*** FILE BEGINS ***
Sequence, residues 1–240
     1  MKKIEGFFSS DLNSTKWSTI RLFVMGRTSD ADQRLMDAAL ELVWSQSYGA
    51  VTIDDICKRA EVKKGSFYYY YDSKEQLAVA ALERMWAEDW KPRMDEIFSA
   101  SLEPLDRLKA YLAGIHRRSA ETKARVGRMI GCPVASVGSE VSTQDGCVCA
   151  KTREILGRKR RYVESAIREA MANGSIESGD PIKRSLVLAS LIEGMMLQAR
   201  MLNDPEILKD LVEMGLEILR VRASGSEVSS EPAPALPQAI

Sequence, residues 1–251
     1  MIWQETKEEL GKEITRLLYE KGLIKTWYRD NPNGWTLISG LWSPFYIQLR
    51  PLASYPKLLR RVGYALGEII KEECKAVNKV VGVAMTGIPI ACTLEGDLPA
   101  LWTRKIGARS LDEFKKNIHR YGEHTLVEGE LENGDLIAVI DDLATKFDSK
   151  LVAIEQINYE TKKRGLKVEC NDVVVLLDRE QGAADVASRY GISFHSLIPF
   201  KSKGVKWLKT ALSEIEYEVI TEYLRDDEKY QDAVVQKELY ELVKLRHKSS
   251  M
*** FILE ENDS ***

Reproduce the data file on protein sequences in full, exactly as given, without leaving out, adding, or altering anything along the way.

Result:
Sequence, residues 1–240
     1  MKKIEGFFSS DLNSTKWSTI RLFVMGRTSD ADQRLMDAAL ELVWSQSYGA
    51  VTIDDICKRA EVKKGSFYYY YDSKEQLAVA ALERMWAEDW KPRMDEIFSA
   101  SLEPLDRLKA YLAGIHRRSA ETKARVGRMI GCPVASVGSE VSTQDGCVCA
   151  KTREILGRKR RYVESAIREA MANGSIESGD PIKRSLVLAS LIEGMMLQAR
   201  MLNDPEILKD LVEMGLEILR VRASGSEVSS EPAPALPQAI

Sequence, residues 1–251
     1  MIWQETKEEL GKEITRLLYE KGLIKTWYRD NPNGWTLISG LWSPFYIQLR
    51  PLASYPKLLR RVGYALGEII KEECKAVNKV VGVAMTGIPI ACTLEGDLPA
   101  LWTRKIGARS LDEFKKNIHR YGEHTLVEGE LENGDLIAVI DDLATKFDSK
   151  LVAIEQINYE TKKRGLKVEC NDVVVLLDRE QGAADVASRY GISFHSLIPF
   201  KSKGVKWLKT ALSEIEYEVI TEYLRDDEKY QDAVVQKELY ELVKLRHKSS
   251  M